PARIS (Reuters) - Airbus parent EADS EAD.PA risked a collision with unions and European politicians by unveiling plans to cut 5,800 mainly defense and space jobs that for a first time include significant forced redundancies, driven by weak European budgets.
Breaking a taboo on forced job cuts throughout most of its 13-year history, the aerospace group said 1,500 people would be found new posts and some would not see temporary contracts renewed, but 1,000-1,450 people could not be spared redundancy.
Chief Executive Tom Enders, who has pledged to run EADS as a normal company after a shake-up of French and German state shareholdings earlier this year, told unions that EADS had to be competitive or face worse turmoil as pressures increase.
“We need to act now, we cannot sit idle,” he told an internal union meeting, according to a person who was present.
“Inaction would be irresponsible and would result in a much more severe situation for our employees and the performance of our company a few years down the road,” he added.
The cutbacks coincide with plans to merge the company’s defense and space divisions into one unit combining its share of Eurofighter combat jets and Ariane space rockets as EADS becomes the latest defense firm to respond to weak orders.
One of France’s leading unions, Force Ouvriere, pre-pempted the announcement by disclosing the jobs news immediately following Enders’ briefing to the EADS works council and vowed to used “any initiative” to resist compulsory redundancies.
German union IG Metall also criticized the plans but noted they were still subject to further negotiations.
“Especially the announcement that compulsory redundancies are not ruled out irritates us,” said IG Metall’s Ruediger Luetjen, head of the EADS European works council.
“To the works council and IG Metall, compulsory redundancies are not an option at EADS.”
Shares in the company closed up 0.8 percent at 50.49 euros as investors welcomed the cost reductions, despite the prospect of a one-off restructuring charge that is still to be decided.
“It is financially positive and will reduce costs though EADS also has to face some structural problems,” said Agency Partners analyst Nick Cunningham, referring to heavy reliance on shared fighter and missile programs for defense earnings.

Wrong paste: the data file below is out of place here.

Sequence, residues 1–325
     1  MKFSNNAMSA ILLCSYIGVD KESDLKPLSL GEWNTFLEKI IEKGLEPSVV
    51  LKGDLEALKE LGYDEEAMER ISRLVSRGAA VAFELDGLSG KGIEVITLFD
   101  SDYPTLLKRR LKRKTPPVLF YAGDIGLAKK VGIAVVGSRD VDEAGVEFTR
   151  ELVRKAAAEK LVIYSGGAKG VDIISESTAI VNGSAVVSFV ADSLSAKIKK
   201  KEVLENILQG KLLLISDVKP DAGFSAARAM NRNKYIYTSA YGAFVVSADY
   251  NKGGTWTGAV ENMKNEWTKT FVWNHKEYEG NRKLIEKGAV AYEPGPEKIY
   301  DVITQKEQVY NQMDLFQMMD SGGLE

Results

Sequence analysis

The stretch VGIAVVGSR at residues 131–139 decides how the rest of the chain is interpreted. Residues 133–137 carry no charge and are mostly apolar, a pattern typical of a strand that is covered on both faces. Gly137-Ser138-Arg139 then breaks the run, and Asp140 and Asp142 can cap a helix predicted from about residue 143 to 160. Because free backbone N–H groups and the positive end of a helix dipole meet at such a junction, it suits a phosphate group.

Compulsory redundancies are relatively rare in France and Germany, where EADS has its main operations, and so far the majority of its 140,000 workers have been shielded by the strength of its fast-growing Airbus commercial business.
Sackings were specifically excluded when Airbus announced plans to reduce its workforce in 2007 and since then the civil planemaking division has reached its “Power8” targets mainly through increased volumes rather than by reducing manpower.
EADS said it would open up posts at Airbus and helicopter division Eurocopter for the redeployment of affected staff.
It said it would also freeze renewal of 1,300 temporary contracts and bring in further voluntary measures. Some 500 corporate posts are included in the headcount reduction.
The company said the restructuring would lead to a “substantial consolidation” of sites across Germany, France, Spain and the UK, which are considered its home nations.
The location and size of company operations has historically been a politically sensitive issue at EADS, but the geographical spread of cuts and the prospect of forced layoffs are likely to test Enders’ claims to run a “normal” company.
EADS is owned by France and Germany with 12 percent and Spain at 4 percent, with the rest floated on the market.
But most special state powers were removed under new governance rules that came together in the wake of a failed bid to merge EADS and Britain’s BAE Systems BAES.L in 2012.
The proposal to create a new European giant, with an equal focus on defense, was blocked by German Chancellor Angela Merkel, according to people involved in the negotiations.
Under the merger proposal, EADS offered guarantees on German defense jobs.
EADS said it needed to be competitive even as it aims to double margins to 10 percent by 2015.
“It is not clear to me why valuable jobs in Germany and Bremen have to be cut to satisfy exaggerated margin expectations,” said Bremen mayor Jens Boehrnsen, a member of the Social Democrats which are forming a coalition government with Chancellor Angela Merkel’s Christian Democrats.
The German economy ministry declined comment. French government officials were not available for comment.
EADS meanwhile plans to sell its Paris office building - the former headquarters of now defunct French state aerospace firm Aerospatiale, whose assets became part of EADS when it was created from a Franco-German-Spanish merger in 2000.
Enders has moved the company’s headquarters to Toulouse, France and plans to change its name to Airbus from next year: two decisions that have inflamed critics in his native Germany.
Additional reporting by Maria Sheahan, Jens Hack, Matthieu Protard, Thomas Sythal, Editing by James Regan and David Evans